Re: Principle of Orthogonal Design

From: paul c <toledobythesea_at_oohay.ac>
Date: Mon, 21 Jan 2008 18:23:35 GMT
Message-ID: <Hq5lj.64141\$wx.56105_at_pd7urf1no>

```>> I was wondering what your current stances towards the principle of
>> current design is cdt - info about the POOD is actually pretty sparse
>> on google, which has not helped my own understanding. I gather that
>> Date has realigned his opinion - although what to I know not - and
>> that Darwen rejected the original POOD paper outright given that
>> McGovern posits that:
>>
>> R1 { X INTEGER, Y INTEGER }
>> R2 { A INTEGER, B INTEGER }
>>
>> violates the principle, whatever the relations' attribute names.
>> Instinctively it does seem rather odd that a predicates such as:
>>
>> * on Day:X the shop had noCustomers:Y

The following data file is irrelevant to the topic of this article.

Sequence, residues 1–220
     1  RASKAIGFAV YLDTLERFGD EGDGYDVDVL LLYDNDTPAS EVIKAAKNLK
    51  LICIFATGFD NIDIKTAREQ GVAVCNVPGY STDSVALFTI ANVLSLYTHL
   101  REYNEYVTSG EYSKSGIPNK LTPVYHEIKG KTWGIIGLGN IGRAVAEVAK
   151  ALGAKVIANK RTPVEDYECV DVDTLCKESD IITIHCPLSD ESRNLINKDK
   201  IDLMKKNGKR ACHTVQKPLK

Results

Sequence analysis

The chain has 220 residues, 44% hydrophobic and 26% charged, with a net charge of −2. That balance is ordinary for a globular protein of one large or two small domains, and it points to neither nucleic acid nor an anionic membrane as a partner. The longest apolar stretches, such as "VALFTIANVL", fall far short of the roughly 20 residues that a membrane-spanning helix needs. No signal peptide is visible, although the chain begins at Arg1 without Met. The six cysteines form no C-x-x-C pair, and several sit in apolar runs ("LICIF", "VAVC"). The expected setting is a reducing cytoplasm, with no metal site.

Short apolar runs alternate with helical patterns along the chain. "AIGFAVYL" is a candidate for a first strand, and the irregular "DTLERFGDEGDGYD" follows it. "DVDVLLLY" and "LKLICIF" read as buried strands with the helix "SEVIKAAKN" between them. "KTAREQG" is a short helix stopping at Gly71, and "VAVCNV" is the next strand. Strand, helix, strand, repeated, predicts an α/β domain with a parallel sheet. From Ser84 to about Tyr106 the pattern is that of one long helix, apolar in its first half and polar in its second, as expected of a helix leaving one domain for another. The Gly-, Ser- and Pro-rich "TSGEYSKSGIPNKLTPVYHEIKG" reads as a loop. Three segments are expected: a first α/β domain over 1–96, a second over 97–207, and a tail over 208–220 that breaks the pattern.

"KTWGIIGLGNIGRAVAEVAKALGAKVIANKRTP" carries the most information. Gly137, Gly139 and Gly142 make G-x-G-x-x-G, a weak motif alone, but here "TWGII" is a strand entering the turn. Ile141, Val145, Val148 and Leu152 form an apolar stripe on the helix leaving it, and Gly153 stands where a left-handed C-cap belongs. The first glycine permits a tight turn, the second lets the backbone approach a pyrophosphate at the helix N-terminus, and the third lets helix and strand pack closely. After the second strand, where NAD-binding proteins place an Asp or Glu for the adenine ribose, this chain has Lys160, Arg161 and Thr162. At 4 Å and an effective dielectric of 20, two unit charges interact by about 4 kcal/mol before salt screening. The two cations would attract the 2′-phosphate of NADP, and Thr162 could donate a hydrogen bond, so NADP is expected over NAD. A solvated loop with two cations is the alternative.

>> * on Roll:A, the dice showed the Number:B
>>
>> cannot share the same database. Have I interpreted the debate
>> correctly? Any insights or corrections are, as ever, appreciated -
>> POOD is certainly thought provoking, and the concept that an update
>> need not require specifcation of a table name is an interesting one.
```

>
> I thought I'd work up an example that illustrates part of McGovern's
> argument (as I understand it). Comments and corrections are most
> welcome:
>
> Assuming we want to represent employees and their status as either
> salaried, commissioned, or both, we might come up with the following
> design (assuming the most obvious interpretations):
>
> Table: Emp
> Emp# IsSalaried IsCommissioned
> ==== ---------- --------------
> 1 Y N
> 2 N Y
> 3 Y Y
>
>
> Another possible design could be:
> Table: Emp
> Emp#
> ====
> 1
> 2
> 3
>
> Table: SalariedEmp (FK, Emp# references Emp.Emp#)
> Emp#
> ====
> 1
> 3
>
> Table: CommissionedEmp (FK, Emp# references Emp.Emp#)
> Emp#
> ====
> 2
> 3
>
>
> Although we can derive the same information from each design, the
> former is to be prefered because the latter violates POOD (two tables